Articles Tagged with Medical Power of Attorney

In these uncertain times, it’s more important than ever to have your legal, financial and medical ducks in a row. Sadly, when serious illness strikes it is usually quite rapid and often unexpected. In these times, however, we do have forewarning that we are all at risk of contracting COVID-19, the coronavirus.

If you have not yet named someone with Medical Power of Attorney, stop procrastinating and get this crucial planning in place now.

What is a Medical Power of Attorney?

9.1.16In many families, it’s easier to figure out the ‘who gets what’ part of an estate plan than it is to decide which person should be power of attorney. Which adult child can handle finances, which one is better with decisions during a crisis?

Making the decision about which family member will take on the responsibility of power of attorney may be a little easier, if you have a clear understanding of what the role entails. Your estate planning attorney has seen every possible family dynamic and will be able to help you work through this decision.

Considerable’s recent article, “How to assign power of attorney without sparking a family feud,” gives us some idea how the power of attorney can work within a family and among siblings.

HurricaneHarvey 8.31.17Many people have heard of Powers of Attorney, and now, during this time of unprecedented disaster and flood, these two documents are more important than ever. There are two Powers of Attorney – the Durable (Financial) Power of Attorney and the Medical Power of Attorney.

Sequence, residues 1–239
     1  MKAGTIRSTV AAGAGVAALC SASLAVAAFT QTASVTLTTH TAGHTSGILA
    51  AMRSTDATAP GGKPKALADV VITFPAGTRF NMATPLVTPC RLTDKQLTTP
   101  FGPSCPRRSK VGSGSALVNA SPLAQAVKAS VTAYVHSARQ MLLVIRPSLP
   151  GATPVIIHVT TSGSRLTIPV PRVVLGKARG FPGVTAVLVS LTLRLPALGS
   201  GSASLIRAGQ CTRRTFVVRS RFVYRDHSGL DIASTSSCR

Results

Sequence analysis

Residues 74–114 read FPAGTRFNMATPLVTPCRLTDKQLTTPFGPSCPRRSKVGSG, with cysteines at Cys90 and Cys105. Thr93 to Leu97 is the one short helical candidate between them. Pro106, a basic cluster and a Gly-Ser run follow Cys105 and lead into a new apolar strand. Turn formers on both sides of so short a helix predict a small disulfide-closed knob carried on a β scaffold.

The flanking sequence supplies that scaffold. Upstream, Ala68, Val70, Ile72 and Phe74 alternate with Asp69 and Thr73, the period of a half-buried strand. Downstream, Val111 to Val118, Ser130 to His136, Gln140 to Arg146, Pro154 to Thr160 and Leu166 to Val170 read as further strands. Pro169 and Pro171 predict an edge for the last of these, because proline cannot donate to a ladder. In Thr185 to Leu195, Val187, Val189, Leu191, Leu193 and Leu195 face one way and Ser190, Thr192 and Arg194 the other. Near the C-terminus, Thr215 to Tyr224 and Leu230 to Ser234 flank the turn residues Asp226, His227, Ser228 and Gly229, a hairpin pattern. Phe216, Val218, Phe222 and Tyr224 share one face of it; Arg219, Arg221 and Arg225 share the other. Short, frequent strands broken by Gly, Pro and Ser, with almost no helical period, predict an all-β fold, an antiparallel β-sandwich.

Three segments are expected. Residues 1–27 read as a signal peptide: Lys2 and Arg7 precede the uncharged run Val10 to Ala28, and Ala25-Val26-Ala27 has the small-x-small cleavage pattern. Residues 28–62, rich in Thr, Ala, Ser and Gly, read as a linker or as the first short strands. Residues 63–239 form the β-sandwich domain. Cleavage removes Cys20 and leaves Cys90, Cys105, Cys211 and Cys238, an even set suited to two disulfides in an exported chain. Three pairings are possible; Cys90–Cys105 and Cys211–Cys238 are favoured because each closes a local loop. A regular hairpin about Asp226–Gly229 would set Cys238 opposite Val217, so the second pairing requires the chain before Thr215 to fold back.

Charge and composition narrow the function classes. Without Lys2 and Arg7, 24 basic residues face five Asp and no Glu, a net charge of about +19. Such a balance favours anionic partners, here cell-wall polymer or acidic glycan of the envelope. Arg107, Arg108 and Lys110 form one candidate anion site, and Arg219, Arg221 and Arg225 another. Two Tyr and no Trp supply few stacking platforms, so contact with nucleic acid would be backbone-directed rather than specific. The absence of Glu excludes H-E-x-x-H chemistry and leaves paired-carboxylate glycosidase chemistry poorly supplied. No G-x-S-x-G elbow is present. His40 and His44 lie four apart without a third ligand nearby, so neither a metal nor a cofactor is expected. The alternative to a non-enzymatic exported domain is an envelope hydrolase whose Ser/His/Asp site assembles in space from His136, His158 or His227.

The Durable Power Attorney allows you to name someone as your “agent” who can act for you on any financial or other asset-related action that you have authorized. For example, you may have an elder parent who may have been evacuated from an assisted living facility and cannot access their bank accounts, or, you yourself may have been evacuated and the last thing on your mind is how to pay certain bills. With a Durable Power of Attorney in place, the person you name as your agent can act for you and alleviate that pressure, so that you can focus on you and your family’s recovery.

A Medical Power of Attorney works in a similar manner. A Medical Power of Attorney allows you to name someone as your “agent” to make medical decisions for you. For example, say you were injured while evacuating or in a car wreck and could not make medical decisions for yourself. By nominating an agent, that person could make decisions regarding your treatment. Conversely, if you have an elder parent, they could name you as their agent and you could make decisions regarding their treatment. Having a Medical Power of Attorney may relieve your caregivers and loved ones from some of the hoops they would have to jump through to otherwise ensure that you would receive proper care.

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